Machine Learning

A.A. 2018/19 (First Semester)

Course Teacher –  Alessio Micheli

Seminar Classes on Bayesian Learning

Teacher Davide Bacciu

Aims – Introduction to Bayesian Learning: maximum likelihood hypothesis, MAP and Bayesian hypotheses. Representing (conditional) independence between random variables: Bayesian networks and plate notation. Parameter learning in Bayesian networks: ML and Expectation Maximization (EM). Application examples.

Students’ Office Hours – Tue. 14-16  (email contact for confirmation)

Course Book

[AIMA]    Russell, S. and Norvig, N. Artificial Intelligence: A Modern Approach. Prentice Hall Series in Artificial Intelligence, 2003.
Chapter 20 “Statistical Learning Methods”  – Available online here

[MML] Mitchell, T . Machine Learning, McGraw Hill.1997.
Chapter 6 “Bayesian Learning”

A freely available online book that can be used both as a reference course book as well as to deepen course contents is

David Barber, Bayesian Reasoning and Machine Learning, Cambridge University Press, 2012.

Chapters that are of interest for this seminars are n. 1 to 5 and n. 8 to 12.

All the official material for the seminars (including slides) can be found on the ML course website on Moodle. On this page you can find a complement of such information. For each class, it is provided a selection of additional readings in addition to the references to the course books.

Software

David Barber’s book is distributed with Matlab  code (BRML toolbox) showing examples of Bayesian learning.  An archive of the most recent software distribution can be downloaded here. It should run seamlessly also in Octave, an open source porting of Matlab environment.

An excellent Matlab package that allows to rapidly build Bayesian models and networksis the Bayes Net Toolbox (BNT) by Kevin Murphy.

Further Matlab demo are provided as additional material in the class calendar section.

Lecture calendar

Lecture Topic Course book Additional materials and further readings
1 Introduction to Bayesian Learning [AIMA] Sect. 20.1
[MML] Sect. 6.1-6.3, Sect. 6.5-6.9
Further readings
[5] Chapt- 1-3Software
[BRML toolbox] Functions demoBurglar.m and demoChestClinic.m  show demos of probabilistic inference on Bayesian networks (cf. examples 3.1 and Fig. 3.15 in [5])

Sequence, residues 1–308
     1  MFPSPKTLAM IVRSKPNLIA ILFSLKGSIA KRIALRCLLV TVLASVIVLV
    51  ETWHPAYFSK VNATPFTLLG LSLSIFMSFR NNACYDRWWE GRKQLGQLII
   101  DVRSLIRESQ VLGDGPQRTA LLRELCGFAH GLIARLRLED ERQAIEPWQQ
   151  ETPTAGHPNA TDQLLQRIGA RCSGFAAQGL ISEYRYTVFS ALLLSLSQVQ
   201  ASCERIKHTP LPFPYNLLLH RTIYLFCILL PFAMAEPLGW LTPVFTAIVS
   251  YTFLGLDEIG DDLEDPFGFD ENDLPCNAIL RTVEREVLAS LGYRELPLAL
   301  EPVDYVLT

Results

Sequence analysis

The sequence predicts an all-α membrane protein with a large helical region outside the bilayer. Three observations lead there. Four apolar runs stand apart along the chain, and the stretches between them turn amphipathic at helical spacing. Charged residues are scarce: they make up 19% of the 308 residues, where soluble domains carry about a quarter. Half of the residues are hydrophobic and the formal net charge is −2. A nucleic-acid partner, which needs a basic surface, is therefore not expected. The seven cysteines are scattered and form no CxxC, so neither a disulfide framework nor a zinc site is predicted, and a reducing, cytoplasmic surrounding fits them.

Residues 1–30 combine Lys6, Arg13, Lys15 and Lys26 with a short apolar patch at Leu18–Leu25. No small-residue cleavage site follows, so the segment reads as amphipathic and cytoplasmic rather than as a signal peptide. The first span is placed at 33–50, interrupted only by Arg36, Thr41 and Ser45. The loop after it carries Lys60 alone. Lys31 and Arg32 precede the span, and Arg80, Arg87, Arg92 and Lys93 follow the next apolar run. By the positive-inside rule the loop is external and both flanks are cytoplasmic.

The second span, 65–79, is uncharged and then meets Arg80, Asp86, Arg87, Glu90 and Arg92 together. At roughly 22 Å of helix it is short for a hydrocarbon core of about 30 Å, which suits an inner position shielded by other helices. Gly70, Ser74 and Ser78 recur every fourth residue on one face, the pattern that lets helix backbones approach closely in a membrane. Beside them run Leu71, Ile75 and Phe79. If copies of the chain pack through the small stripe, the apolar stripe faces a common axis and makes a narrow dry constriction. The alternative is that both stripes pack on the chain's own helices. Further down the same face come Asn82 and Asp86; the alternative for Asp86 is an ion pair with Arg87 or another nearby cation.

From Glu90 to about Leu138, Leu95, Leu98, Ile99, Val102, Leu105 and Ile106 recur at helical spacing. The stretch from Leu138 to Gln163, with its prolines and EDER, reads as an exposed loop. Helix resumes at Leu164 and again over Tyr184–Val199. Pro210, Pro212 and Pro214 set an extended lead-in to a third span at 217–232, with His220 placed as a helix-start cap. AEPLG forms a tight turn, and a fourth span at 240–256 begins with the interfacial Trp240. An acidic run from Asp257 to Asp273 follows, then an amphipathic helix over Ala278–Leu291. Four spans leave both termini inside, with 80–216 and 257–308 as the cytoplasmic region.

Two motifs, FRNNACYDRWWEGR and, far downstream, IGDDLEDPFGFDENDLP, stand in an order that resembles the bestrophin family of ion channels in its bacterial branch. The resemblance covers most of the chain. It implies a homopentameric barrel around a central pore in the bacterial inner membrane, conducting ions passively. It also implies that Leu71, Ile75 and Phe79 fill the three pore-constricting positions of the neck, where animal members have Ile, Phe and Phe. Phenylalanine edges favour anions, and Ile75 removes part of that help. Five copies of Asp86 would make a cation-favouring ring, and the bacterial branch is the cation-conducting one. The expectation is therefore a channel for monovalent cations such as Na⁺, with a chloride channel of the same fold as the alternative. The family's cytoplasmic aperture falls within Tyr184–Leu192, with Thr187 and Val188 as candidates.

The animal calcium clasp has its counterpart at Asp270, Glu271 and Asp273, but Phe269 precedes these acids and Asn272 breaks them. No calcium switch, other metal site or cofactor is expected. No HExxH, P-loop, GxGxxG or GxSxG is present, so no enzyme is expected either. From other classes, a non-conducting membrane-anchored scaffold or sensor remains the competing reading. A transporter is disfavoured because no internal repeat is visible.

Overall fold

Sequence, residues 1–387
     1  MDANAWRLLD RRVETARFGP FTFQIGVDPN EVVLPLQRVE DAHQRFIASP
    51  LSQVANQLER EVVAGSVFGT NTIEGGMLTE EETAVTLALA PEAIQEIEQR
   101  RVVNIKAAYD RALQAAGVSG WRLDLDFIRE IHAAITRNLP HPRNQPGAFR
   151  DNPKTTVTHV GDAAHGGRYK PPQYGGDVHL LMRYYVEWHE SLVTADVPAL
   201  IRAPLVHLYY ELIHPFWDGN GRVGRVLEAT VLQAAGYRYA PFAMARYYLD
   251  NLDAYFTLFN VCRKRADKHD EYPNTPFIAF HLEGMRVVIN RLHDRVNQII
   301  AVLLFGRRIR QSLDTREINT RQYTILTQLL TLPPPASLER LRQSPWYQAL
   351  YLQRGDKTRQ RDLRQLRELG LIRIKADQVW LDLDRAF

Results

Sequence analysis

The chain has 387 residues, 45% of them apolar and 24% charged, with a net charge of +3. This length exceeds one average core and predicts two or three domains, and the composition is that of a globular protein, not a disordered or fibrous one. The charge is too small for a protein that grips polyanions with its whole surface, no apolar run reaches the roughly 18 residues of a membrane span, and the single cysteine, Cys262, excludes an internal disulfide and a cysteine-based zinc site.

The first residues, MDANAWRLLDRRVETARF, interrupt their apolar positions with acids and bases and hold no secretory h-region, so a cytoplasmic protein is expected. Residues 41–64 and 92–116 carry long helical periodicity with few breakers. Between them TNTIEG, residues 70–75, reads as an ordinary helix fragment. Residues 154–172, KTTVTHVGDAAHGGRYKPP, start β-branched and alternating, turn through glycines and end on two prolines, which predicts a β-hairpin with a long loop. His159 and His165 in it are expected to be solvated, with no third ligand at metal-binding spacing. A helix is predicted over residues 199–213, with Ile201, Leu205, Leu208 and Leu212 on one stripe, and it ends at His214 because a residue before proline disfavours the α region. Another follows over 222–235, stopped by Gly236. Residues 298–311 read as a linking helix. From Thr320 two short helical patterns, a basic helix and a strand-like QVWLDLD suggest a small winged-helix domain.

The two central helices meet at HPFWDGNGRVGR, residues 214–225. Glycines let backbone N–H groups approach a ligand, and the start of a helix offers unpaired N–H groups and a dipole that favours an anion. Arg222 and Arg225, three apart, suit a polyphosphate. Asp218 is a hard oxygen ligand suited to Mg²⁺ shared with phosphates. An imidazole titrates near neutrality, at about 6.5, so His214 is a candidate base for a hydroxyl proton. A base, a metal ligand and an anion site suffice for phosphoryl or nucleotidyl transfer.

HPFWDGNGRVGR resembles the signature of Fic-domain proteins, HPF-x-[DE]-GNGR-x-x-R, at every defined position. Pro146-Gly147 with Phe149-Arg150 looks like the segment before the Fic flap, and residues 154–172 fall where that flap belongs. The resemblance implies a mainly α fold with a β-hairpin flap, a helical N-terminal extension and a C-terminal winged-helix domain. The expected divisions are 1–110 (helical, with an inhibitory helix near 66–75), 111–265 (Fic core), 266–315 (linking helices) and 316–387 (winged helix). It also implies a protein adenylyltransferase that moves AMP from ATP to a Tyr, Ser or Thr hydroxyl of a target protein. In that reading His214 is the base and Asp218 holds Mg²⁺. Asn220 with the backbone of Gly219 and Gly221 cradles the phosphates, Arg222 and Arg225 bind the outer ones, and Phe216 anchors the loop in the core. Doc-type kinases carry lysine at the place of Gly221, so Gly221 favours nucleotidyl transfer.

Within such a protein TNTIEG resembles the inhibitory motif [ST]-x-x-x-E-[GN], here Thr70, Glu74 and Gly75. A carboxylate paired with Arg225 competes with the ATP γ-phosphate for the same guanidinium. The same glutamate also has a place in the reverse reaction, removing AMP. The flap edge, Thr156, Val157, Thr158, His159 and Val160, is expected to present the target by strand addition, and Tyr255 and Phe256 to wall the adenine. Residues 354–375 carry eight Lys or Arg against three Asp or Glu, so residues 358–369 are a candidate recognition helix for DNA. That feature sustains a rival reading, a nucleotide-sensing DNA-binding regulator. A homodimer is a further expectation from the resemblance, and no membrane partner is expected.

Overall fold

2 Parameters Learning in Bayesian Network: Learning with Complete Data [AIMA] Sect. 20.2-20.3
[MML] Sect. 6.4, Sect. 6.5, 6.10, 6.12
Further readings
[1] Generative Vs Discriminative
[2] Tutorial on maximum likelihood estimation with Matlab code
[5] Sect. 8.8, 9.1-9.3. Chapt 10A step-by-step derivation of the NB prior learning rule can be found here.

For those interested in getting to know more about Lagrange Multipliers here is a good technical source.

Software
[demoCoin] A quick demo comparing maximum likelihood and MAP estimation of the classical coin toss scenario.[demoNB] A demo showing Naive Bayes learning on the 20 Newsgroup dataset.

3 Parameters Learning in Bayesian Network: the EM Algorithm [MML] Sect. 6.11 Further readings
[3] EM algorithm
[5] Chapt 11
[4] Comparative analysis of structure learning algorithmsSoftware
[demoEM] A graphical demo showing EM on a Mixture of Gaussians[BoW Demo] Tutorial code with bag-of-words application to images using Naive Bayes and Probabilistic Latent Semantic Analysis (PLSA).

Bibliography

[1]    Pernkopf, F. and Bilmes, J., Discriminative versus generative parameter and structure learning of Bayesian network classifiers.  Proceedings of the 22nd international conference on Machine learning. ACM. 2005.

[2]    I. J. Myung, Tutorial on maximum likelihood estimation, Journal of Mathematical Psychology, Vol. 47, No. 1. (2003), pp. 90-100.

[3]   Bilmes, J.A., A gentle tutorial of the EM algorithm and its application to parameter estimation for Gaussian mixture and hidden Markov models, Technical Report, 1998.

[4]   Ioannis Tsamardinos, Laura E. Brown, Constantin F. Aliferis: The max-min hill-climbing Bayesian network structure learning algorithm. Machine Learning 65(1): 31-78, 2006.

[5]  David Barber, Bayesian Reasoning and Machine Learning, Cambridge University Press, 2012.

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